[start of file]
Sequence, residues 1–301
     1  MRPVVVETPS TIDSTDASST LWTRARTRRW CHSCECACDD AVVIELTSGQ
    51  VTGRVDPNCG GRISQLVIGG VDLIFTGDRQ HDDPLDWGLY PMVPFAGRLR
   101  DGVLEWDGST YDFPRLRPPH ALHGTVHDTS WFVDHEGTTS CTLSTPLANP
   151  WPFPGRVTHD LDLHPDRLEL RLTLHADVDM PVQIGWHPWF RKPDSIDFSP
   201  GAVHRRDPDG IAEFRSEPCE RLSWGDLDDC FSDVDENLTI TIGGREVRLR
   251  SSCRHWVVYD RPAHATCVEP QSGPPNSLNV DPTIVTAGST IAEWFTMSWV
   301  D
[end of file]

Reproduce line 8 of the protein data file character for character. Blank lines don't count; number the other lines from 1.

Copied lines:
   301  D